Rallying around families is the Janesville community and business leaders, who mobilize quickly to preserve whatever remained of the hard-working American mythos within the town. But their stories set the stage of an almost mitosis-like “dividing” of Janesville, which mirrors the growing divide in the American body politic.

The community president of Janesville’s M&I Bank creates the “Rock County 5.0” workforce initiative and convenes the fundraisers for it, not as an act of charity but in the interest of the town’s self-preservation. Without a workforce to support the local businesses, they too would end up leaving. But to get this workforce program going, major support must come from the top, through the donations of wealthy benefactors, one of which is keenly anti-union.

While Janesville suffers through the Great Recession and isn’t delivered the promises from a newly-elected President Obama, an anti-union fervor sweeps through the state with the election of Republican Governor Scott Walker, who is matched in a rise to political prominence by Congressman Ryan.

Instead of union-driven economic change, which successfully negotiated better wages and benefits, now community leaders are counted on to scrape together what they can from federal funding and creating budget-straining incentives to lure 21st-century tech companies to Janesville. All of it adds up to a dicey proposition in the uncertain economic climate of 2010. Goldstein notes a growing dissatisfaction due to government bureaucracy and the failures of the UAW to preserve G.M. jobs even though the G.M. received billions in a bailout. This creates an air of pessimism which infects the town.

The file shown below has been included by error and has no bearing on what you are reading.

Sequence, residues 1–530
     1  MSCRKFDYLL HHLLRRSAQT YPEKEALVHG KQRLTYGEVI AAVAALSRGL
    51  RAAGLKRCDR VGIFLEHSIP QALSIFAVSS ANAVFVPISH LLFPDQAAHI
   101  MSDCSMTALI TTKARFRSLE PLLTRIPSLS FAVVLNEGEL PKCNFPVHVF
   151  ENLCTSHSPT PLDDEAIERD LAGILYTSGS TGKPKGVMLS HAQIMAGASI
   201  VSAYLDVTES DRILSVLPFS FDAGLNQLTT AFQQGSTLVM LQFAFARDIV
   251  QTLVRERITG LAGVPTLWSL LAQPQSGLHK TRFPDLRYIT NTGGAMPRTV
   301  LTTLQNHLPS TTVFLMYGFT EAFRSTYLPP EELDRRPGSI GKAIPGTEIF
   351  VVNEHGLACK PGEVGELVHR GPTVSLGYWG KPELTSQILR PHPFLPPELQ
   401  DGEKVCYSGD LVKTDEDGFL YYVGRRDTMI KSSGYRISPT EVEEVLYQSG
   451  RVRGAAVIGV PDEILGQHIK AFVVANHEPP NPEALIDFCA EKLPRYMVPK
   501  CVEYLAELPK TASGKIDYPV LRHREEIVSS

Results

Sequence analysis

With so much working against the citizens of Janesville: depressed wages, underwater mortgages and evaporating jobs, Goldstein ensures that the pessimism that permeates the town does not do the same to her narrative. Each person in the story falls back on the can-do attitude that has kept Janesville moving forward. They don’t spend their days collecting unemployment and enjoying a deserved vacation from work, they get to work to find more work and preserve their way of life because they are left with no other choice. And when they can, they use whatever strength they have left to care for the most vulnerable amongst them.

Goldstein’s book doesn’t exploit its subjects to serve a post-Trump election appetite for explainers on how the election swung his way (and in Wisconsin, it did). The book lets their stories speak to the larger truths that shifted political opinion and discourse to the right. A factory monoculture sustained working towns in the 20th Century, leading to their ultimate demise through offshoring and structural unemployment. Trump campaigned on a promise to restore these towns to their manufacturing dominance, to recapture that American dream.

No matter the government incentives or protectionist agenda offered by state and the federal government, G.M. will never return to Janesville. This is the fact driven home even though the town did all it could to hold on until the very last minute. But Goldstein writes that Janesville persists because its people, united by a proud past, are striving to meet the demands of the future with all the resources they have left, each other.

This has the hallmarks of being “An American Story” when viewed through a positive lens. But Goldstein makes sure to report that Janesville’s success isn’t defined by historical standards. The recovery was slow, and Goldstein notes that many workers aren’t enjoying the high wages they once had. There may not be a phoenix-like rebirth to its former glory after all.

With the recent news of a billion-dollar Foxconn advanced manufacturing facility being lured to Wisconsin through a generous incentive package, Janesville was a brief contender for the factory. In a report from July, the company cited a lack of available workforce and has moved onto investigate other locations. Though not part of Goldstein’s narrative, this latest entry into the town’s history is another brief glimmer of hope extinguished by market forces.